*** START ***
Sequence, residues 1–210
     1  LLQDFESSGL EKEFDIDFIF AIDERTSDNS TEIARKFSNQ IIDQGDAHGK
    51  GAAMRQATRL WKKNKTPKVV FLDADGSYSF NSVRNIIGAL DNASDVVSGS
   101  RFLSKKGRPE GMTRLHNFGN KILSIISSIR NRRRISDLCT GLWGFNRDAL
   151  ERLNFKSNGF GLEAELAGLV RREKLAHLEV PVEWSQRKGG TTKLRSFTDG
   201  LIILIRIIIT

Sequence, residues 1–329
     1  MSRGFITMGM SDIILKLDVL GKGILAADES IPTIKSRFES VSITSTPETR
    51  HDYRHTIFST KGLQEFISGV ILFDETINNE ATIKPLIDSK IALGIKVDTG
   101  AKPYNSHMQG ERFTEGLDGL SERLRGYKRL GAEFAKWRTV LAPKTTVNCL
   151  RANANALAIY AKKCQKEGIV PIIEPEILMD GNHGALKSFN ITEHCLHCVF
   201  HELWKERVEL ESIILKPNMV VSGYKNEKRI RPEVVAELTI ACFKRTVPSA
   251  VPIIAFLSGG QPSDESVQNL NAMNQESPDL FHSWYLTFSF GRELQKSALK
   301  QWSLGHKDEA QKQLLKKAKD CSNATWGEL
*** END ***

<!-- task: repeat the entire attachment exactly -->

Sequence, residues 1–210
     1  LLQDFESSGL EKEFDIDFIF AIDERTSDNS TEIARKFSNQ IIDQGDAHGK
    51  GAAMRQATRL WKKNKTPKVV FLDADGSYSF NSVRNIIGAL DNASDVVSGS
   101  RFLSKKGRPE GMTRLHNFGN KILSIISSIR NRRRISDLCT GLWGFNRDAL
   151  ERLNFKSNGF GLEAELAGLV RREKLAHLEV PVEWSQRKGG TTKLRSFTDG
   201  LIILIRIIIT

Sequence, residues 1–329
     1  MSRGFITMGM SDIILKLDVL GKGILAADES IPTIKSRFES VSITSTPETR
    51  HDYRHTIFST KGLQEFISGV ILFDETINNE ATIKPLIDSK IALGIKVDTG
   101  AKPYNSHMQG ERFTEGLDGL SERLRGYKRL GAEFAKWRTV LAPKTTVNCL
   151  RANANALAIY AKKCQKEGIV PIIEPEILMD GNHGALKSFN ITEHCLHCVF
   201  HELWKERVEL ESIILKPNMV VSGYKNEKRI RPEVVAELTI ACFKRTVPSA
   251  VPIIAFLSGG QPSDESVQNL NAMNQESPDL FHSWYLTFSF GRELQKSALK
   301  QWSLGHKDEA QKQLLKKAKD CSNATWGEL